Speak to any insurance broker at the moment and they will tell you that they are witnessing the softest insurance market in a lifetime. So what is the soft market and what does it mean for the insurance buyer?
In simple terms, insurance market pricing trends are dictated by loss experience and availability of capacity.
Although disasters, natural and accidental, occur on a regular basis, the frequency of major insured losses has been relatively low over the past four or five years with prudent underwriters recording healthy profits. This has attracted the attention of capital investors who, against a combined background of recession, volatile currency markets and record low interest rates, see insurance as a safe haven for the investment of funds.
Armed with this injection of additional capital investment, key insurers have greater capacity; but to maximise profitability they need to increase their market share by writing more business. As with any retailer trading in a competitive market place, insurers have to be prepared to underwrite risks at lower prices in order to attract the additional custom. As insurance brokers respond to insurers demanding the opportunity of writing their clients’ insurance programmes, inevitably prices are driven downwards as brokers play leading insurers against each other to secure the best prices for their clients. It is unlikely that any broker worth their salt will settle for a reduction which doesn’t reflect the perceived market trend.
This is the soft market. And so long as loss experiences remain stable and capacity plentiful, the soft market is set to continue.
Surely, as an insurance buyer, I’m benefiting already from the soft market?
Yes, you are benefiting from the soft market and able to deliver savings to your Finance Director. But can you be sure that reduction you secured at the last renewal was the best that could be achieved from the insurance market as a whole?
If you renewed with your existing lead insurer there is a fair chance that you obtained no more than the perceived “going rate”. Whilst insurers will always fight to retain their core business, there is a limit to which an incumbent lead underwriter will be prepared to go in order to retain business. In terms of reductions, an existing insurer is highly unlikely to agree a price as low as an acquisitive insurer who has no existing relationship with your insurance programme.
Exactly the point! My organisation prides itself on loyalty to their existing insurers.
Loyalty is an admirable quality but any insurance buyer should be aware of the cost of maintaining that loyalty.
Many insurance buyers will tell you your product is a specially tailored programme with bespoke wordings, but consider this. If you were planning to have a suit made by your usual tailor and found that instead of the tailor’s 12.5% loyalty discount you could purchase an identical suit elsewhere for with a 15% discount you may not feel it worth the bother of changing tailors. But what if that discount was above 30%? And what if the suit was of better material and the tailor provided a better service?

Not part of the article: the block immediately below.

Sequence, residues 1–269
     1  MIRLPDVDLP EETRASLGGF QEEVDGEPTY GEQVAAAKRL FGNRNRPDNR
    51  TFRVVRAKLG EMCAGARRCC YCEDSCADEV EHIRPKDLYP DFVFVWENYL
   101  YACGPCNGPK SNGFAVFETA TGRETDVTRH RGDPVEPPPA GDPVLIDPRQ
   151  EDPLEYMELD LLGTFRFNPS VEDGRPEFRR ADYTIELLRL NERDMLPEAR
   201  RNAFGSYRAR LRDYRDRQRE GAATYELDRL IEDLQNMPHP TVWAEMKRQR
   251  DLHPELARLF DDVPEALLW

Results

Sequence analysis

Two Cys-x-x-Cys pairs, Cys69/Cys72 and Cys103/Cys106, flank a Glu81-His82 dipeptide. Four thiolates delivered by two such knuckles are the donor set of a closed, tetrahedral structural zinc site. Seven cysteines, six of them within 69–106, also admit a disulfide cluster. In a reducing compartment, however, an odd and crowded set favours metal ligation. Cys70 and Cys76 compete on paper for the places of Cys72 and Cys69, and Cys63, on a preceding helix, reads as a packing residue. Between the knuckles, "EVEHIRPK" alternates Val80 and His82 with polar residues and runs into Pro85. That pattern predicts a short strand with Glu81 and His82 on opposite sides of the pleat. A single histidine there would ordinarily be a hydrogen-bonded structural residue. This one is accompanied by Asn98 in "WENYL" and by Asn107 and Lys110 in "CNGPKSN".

In the current economic climate with a low oil price and capital expenditure plans reduced can your company afford to ignore these savings?
So what should I do?
Challenge your broker. Tell them you know about the soft market and want to obtain the best possible terms for your next renewal.
See how they react. Be wary of platitudes and speeches about loyalty. Of course, your broker will promise to push your insurers for the best possible price – but you should be checking to see if they intend to engage with the wider market.
What other options are open to me?
If you are less than convinced by your broker response or suspect they are showing signs of complacency perhaps it is time to consider a tender for broker services. Many of INDECS’ clients periodically tender their insurance programmes; not only to validate their pricing structure and test their broker’s performance, but also to adhere to internal compliance procedure.
Brokers thrive on competition and nothing brings the best out in them more than a competitive tender. The threat of lost business will ensure that your broker will perform at their best, whilst the promise of winning new business will attract the sharp attention of competing brokers. All will be keen to demonstrate their reading of the current market and where the best deals are to be obtained.
In the current soft market there is no reason why your current wording will not be accepted by new insurers and you may surprised (and delighted) to achieve wording enhancements.
Can INDECS assist?
Yes! We would be delighted to assist you in getting the best out of the current soft market!
INDECS manage several broker tenders a year, achieving considerable premium reductions for their clients in the process.
To be successful a tender has to be carefully planned and managed. This ensures the optimum result for clients whilst being totally fair to participating brokers. Every client has their unique requirements and INDECS are happy to design a tender to suit these specific needs.
For further details please contact either Paul King or Ian Saunders at INDECS.